Mapping the Globe: Initial Research into Regional Media Attention in Massachusetts
Catherine D’Ignazio, a.k.a. kanarinka, is an artist, software developer and educator. She is the Director of the Institute for Infinitely Small Things, an interventionist performance troupe, and former Director of the Experimental Geography Research Cluster at RISD’s Digital+Media MFA program. She has also taught in the Comparative Media Studies program at MIT since 2009. Her artwork has been exhibited at the ICA Boston, Eyebeam, and MASSMoCA, and has won awards from the Tanne Foundation and Turbulence.org. Catherine has a BA in International Relations from Tufts University (Summa Cum Laude, Phi Beta Kappa) and an MFA in Studio Art from Maine College of Art. She has lived and worked in Paris, Buenos Aires, and Michigan, and currently resides in Waltham, MA.
At the lab, Catherine is interested in researching experimental ways of engaging more deeply with place and spatial justice issues - through storytelling, maps, media, social practice and algorithms.
Mapping the Globe: Initial Research into Regional Media Attention in Massachusetts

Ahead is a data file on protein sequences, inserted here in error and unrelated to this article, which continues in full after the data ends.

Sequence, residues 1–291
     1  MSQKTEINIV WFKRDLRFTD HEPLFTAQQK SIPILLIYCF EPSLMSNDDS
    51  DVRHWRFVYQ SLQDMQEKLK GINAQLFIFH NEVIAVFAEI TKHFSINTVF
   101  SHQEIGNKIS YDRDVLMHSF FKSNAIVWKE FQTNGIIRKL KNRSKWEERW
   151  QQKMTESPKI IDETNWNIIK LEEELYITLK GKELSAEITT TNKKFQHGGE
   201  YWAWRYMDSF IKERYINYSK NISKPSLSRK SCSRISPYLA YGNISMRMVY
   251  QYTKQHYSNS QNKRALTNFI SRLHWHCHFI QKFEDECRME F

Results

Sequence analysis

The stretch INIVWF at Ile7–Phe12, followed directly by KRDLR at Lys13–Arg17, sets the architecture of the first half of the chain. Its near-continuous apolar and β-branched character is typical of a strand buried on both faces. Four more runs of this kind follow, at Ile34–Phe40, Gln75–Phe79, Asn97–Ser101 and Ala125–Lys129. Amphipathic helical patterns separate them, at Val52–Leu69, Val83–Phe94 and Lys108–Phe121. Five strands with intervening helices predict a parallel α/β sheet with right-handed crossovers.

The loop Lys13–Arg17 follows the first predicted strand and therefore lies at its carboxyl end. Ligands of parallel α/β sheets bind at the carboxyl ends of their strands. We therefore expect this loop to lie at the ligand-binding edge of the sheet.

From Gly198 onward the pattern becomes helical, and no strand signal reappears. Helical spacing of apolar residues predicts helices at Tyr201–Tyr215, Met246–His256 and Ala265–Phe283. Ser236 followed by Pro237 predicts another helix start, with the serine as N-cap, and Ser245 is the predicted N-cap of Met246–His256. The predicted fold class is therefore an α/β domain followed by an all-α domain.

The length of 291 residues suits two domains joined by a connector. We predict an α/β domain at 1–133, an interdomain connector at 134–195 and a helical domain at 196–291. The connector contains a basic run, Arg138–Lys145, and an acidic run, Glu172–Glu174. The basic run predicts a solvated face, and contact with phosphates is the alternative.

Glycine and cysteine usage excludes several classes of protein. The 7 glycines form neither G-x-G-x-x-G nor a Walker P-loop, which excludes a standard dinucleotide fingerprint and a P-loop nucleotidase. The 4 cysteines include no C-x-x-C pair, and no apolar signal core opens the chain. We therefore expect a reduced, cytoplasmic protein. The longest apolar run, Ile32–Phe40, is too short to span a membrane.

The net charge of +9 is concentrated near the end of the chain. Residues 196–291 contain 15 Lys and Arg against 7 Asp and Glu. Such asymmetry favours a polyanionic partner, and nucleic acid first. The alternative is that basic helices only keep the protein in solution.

Last fall the Center for Civic Media launched a new partnership with the Boston Globe, the preeminent newspaper in the Boston and New England region. Part of this partnership means that we get access to the last year or so of their archives via their alpha API. And one of the first things we noticed about the API data is that Boston Globe reporters have to enter a location for their news story.
At the Center, we think that media attention matters - in both quantity and quality. This geodata provided a perfect entry to studying how media attention from the Boston Globe plays out spatially across Boston neighborhoods and Massachusetts towns. And with access to the text of the articles associated with different places, we could start to answer some questions about not just the amount of media attention a place receives but how that attention is framed.
Some of our research questions are:
- Is media attention evenly distributed across the neighborhoods and regions of Greater Boston?
- If not, what are the factors that affect the quantity of media attention (# of news articles) that certain places receive?
- Do demographic factors like population, race, income, unemployment or poverty play a role in the amount of media attention a place receives?
- Can we start to assess the quality of media attention that a certain place receives?
I've spent the past several months building an interactive tool called Mapping the Globe to browse Globe archives spatially, running statistical regressions, and making some GIS maps to begin to answer some of these questions. You can see the live prototype of Mapping the Globe at globe.mediameter.org. The tool is currently working off of a database of 23,000+ geocoded articles from a period between November 2011 to present. Each night the tool downloads new articles from Globe and includes them in the analysis.
Here's what we've discovered thus far.
The Boston Globe is regionally focused